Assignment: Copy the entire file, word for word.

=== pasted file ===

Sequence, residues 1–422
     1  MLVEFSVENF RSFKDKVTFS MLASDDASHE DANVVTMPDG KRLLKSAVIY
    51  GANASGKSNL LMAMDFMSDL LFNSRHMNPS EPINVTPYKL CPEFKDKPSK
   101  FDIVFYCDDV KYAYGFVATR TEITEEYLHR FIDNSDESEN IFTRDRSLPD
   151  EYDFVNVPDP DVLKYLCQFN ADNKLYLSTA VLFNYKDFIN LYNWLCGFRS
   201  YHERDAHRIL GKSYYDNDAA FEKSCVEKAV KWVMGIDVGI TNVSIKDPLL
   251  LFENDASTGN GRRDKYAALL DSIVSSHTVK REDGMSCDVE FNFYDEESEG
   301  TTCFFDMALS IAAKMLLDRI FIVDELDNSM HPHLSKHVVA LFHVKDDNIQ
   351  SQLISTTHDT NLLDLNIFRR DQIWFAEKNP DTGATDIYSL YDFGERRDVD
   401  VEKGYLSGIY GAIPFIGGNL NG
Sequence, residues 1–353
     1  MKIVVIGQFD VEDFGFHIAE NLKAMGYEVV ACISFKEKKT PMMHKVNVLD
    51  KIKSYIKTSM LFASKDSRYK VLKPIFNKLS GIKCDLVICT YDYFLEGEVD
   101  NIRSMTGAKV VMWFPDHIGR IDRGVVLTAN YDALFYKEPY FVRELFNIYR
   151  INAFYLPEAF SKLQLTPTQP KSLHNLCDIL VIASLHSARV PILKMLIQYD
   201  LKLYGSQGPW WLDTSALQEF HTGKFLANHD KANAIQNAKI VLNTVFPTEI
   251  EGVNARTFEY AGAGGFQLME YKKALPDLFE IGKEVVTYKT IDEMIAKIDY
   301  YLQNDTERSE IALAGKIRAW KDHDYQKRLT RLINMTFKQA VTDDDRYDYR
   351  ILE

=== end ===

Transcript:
Sequence, residues 1–422
     1  MLVEFSVENF RSFKDKVTFS MLASDDASHE DANVVTMPDG KRLLKSAVIY
    51  GANASGKSNL LMAMDFMSDL LFNSRHMNPS EPINVTPYKL CPEFKDKPSK
   101  FDIVFYCDDV KYAYGFVATR TEITEEYLHR FIDNSDESEN IFTRDRSLPD
   151  EYDFVNVPDP DVLKYLCQFN ADNKLYLSTA VLFNYKDFIN LYNWLCGFRS
   201  YHERDAHRIL GKSYYDNDAA FEKSCVEKAV KWVMGIDVGI TNVSIKDPLL
   251  LFENDASTGN GRRDKYAALL DSIVSSHTVK REDGMSCDVE FNFYDEESEG
   301  TTCFFDMALS IAAKMLLDRI FIVDELDNSM HPHLSKHVVA LFHVKDDNIQ
   351  SQLISTTHDT NLLDLNIFRR DQIWFAEKNP DTGATDIYSL YDFGERRDVD
   401  VEKGYLSGIY GAIPFIGGNL NG
Sequence, residues 1–353
     1  MKIVVIGQFD VEDFGFHIAE NLKAMGYEVV ACISFKEKKT PMMHKVNVLD
    51  KIKSYIKTSM LFASKDSRYK VLKPIFNKLS GIKCDLVICT YDYFLEGEVD
   101  NIRSMTGAKV VMWFPDHIGR IDRGVVLTAN YDALFYKEPY FVRELFNIYR
   151  INAFYLPEAF SKLQLTPTQP KSLHNLCDIL VIASLHSARV PILKMLIQYD
   201  LKLYGSQGPW WLDTSALQEF HTGKFLANHD KANAIQNAKI VLNTVFPTEI
   251  EGVNARTFEY AGAGGFQLME YKKALPDLFE IGKEVVTYKT IDEMIAKIDY
   301  YLQNDTERSE IALAGKIRAW KDHDYQKRLT RLINMTFKQA VTDDDRYDYR
   351  ILE